The present day is no less crazy. We routinely do things that just five years ago would scarcely have made sense to us. We tweet along to reality shows; we share videos of strangers dropping cats in bins; we dance in front of Xboxes that can see us, and judge us, and find us sorely lacking. It's hard to think of a single human function that technology hasn't somehow altered, apart perhaps from burping. That's pretty much all we have left. Just yesterday I read a news story about a new video game installed above urinals to stop patrons getting bored: you control it by sloshing your urine stream left and right. Read that back to yourself and ask if you live in a sane society.

When I was making the series How TV Ruined Your Life, we went out and asked members of the public to comment on a new invention we were claiming was real: a mobile phone that allowed you to call through time, so you could speak to people in the past or future. Many people thought it was real: not so much a testament to gullibility, but an indicator of just how magical today's technology has become. We take miracles for granted on a daily basis.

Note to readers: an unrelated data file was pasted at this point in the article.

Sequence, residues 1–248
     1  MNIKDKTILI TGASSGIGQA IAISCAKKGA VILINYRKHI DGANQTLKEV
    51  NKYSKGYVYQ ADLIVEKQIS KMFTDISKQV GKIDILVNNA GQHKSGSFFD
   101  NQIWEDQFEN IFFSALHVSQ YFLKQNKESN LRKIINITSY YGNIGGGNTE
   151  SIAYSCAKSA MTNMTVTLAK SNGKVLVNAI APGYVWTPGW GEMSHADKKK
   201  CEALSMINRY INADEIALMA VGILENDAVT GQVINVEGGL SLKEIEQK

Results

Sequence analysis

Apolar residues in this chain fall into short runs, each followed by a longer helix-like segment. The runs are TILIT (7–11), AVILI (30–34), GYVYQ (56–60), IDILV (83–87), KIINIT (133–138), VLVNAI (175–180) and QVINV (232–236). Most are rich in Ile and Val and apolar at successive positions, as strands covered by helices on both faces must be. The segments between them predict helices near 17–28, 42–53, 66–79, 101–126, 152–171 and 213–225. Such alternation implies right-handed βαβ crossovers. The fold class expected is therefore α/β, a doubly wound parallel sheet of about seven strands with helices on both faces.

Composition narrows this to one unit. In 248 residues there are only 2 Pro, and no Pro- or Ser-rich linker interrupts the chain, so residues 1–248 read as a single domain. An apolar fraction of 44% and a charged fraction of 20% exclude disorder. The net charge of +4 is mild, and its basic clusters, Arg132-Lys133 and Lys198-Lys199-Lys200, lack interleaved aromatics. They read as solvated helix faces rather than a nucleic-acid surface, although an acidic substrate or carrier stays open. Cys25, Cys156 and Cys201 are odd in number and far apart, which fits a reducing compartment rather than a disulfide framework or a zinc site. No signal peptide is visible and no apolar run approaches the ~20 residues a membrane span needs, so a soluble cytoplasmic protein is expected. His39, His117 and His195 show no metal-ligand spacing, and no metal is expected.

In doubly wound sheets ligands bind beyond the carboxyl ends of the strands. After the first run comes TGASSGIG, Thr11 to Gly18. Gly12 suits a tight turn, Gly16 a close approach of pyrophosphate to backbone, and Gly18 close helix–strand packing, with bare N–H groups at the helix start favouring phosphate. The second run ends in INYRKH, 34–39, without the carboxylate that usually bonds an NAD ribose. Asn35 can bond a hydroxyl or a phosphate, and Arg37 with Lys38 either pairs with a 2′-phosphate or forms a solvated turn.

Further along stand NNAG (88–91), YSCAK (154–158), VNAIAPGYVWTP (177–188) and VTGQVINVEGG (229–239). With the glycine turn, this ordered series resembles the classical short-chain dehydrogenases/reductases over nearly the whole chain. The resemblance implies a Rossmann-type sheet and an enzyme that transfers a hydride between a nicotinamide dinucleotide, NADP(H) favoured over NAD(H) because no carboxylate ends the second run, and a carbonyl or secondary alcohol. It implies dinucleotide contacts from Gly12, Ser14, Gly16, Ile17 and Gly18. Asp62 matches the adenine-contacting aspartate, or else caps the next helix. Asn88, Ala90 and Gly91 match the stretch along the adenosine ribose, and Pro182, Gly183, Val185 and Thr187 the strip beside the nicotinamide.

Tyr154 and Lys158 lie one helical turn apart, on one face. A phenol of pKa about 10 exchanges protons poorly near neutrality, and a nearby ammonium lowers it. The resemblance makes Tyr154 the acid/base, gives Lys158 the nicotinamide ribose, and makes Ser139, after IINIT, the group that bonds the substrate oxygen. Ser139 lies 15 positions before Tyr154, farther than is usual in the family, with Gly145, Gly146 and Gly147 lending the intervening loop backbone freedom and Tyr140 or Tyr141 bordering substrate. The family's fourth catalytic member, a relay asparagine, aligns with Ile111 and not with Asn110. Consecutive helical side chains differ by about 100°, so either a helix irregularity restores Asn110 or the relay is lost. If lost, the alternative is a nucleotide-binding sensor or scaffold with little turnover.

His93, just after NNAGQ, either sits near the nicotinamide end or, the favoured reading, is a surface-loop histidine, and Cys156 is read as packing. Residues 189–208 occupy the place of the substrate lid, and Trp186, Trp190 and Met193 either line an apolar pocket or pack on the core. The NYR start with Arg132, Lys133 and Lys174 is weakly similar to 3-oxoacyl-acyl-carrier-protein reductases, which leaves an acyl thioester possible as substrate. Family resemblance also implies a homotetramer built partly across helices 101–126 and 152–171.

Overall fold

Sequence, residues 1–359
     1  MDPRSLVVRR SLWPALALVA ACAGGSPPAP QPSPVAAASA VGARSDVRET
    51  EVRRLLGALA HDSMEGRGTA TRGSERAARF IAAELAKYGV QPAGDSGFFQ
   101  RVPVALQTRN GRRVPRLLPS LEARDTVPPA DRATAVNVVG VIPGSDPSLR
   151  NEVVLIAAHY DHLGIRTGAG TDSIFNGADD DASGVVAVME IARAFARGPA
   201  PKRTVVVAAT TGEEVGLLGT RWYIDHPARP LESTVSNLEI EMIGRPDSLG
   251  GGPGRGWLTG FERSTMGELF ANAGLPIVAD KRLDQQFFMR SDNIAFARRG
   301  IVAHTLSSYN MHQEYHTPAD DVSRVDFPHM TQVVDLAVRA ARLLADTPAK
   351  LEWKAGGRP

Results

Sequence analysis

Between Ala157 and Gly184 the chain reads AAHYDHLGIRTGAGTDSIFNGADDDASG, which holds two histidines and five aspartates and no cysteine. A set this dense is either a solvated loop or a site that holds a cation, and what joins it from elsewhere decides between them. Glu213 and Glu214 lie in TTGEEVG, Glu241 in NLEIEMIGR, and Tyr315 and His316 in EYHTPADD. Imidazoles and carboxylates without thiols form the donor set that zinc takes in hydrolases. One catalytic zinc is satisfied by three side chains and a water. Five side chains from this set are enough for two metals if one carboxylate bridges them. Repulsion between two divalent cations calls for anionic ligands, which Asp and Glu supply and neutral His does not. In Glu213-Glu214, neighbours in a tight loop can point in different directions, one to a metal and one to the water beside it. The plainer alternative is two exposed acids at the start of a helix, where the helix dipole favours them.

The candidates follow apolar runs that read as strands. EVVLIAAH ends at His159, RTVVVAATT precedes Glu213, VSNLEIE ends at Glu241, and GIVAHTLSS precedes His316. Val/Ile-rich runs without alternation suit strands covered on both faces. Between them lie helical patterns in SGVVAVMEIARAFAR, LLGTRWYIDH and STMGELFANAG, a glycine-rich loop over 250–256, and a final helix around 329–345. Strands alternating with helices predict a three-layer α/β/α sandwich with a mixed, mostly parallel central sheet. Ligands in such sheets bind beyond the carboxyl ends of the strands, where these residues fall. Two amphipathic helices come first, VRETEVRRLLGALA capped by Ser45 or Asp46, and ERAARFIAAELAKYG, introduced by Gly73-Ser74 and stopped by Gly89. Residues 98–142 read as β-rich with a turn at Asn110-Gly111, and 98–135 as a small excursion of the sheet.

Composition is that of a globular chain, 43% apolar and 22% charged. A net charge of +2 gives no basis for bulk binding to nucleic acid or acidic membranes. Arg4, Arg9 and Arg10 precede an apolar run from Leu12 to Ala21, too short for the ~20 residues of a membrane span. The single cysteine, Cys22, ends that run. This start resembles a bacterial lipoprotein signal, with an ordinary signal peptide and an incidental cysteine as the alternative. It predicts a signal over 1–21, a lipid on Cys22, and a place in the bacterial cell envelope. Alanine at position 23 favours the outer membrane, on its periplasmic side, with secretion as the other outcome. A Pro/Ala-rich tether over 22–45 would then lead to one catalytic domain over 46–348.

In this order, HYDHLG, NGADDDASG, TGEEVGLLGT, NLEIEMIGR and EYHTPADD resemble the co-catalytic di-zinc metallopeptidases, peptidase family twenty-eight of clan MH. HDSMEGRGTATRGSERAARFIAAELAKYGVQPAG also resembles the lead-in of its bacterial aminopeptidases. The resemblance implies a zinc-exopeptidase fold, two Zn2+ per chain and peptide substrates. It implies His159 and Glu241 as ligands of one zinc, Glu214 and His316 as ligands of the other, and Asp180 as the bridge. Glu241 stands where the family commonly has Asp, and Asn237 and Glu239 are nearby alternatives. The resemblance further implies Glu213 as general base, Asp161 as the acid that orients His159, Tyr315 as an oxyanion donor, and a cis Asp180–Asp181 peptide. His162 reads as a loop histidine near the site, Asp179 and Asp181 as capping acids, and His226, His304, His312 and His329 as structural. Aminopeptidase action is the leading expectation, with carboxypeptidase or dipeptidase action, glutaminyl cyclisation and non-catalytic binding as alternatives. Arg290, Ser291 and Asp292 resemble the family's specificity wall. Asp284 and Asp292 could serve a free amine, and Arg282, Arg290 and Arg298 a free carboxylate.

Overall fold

Nonetheless, I relish this stuff. I coo over gadgets, take delight in each new miracle app. Like an addict, I check my Twitter timeline the moment I wake up. And often I wonder: is all this really good for me? For us? None of these things have been foisted upon humankind – we've merrily embraced them. But where is it all leading? If technology is a drug – and it does feel like a drug – then what, precisely, are the side-effects?

This area – between delight and discomfort – is where Black Mirror, my new drama series, is set. The "black mirror" of the title is the one you'll find on every wall, on every desk, in the palm of every hand: the cold, shiny screen of a TV, a monitor, a smartphone. The series was inspired, indirectly, by The Twilight Zone, Rod Serling's hugely entertaining TV series of the late 50s and early 60s, sometimes incorrectly dismissed as a camp exercise in twist-in-the-tale sci-fi. It was far more than that. Serling, a brilliant writer, created The Twilight Zone because he was tired of having his provocative teleplays about contemporary issues routinely censored in order to appease corporate sponsors. If he wrote about racism in a southern town, he had to fight the network over every line. But if he wrote about racism in a metaphorical, quasi-fictional world – suddenly he could say everything he wanted.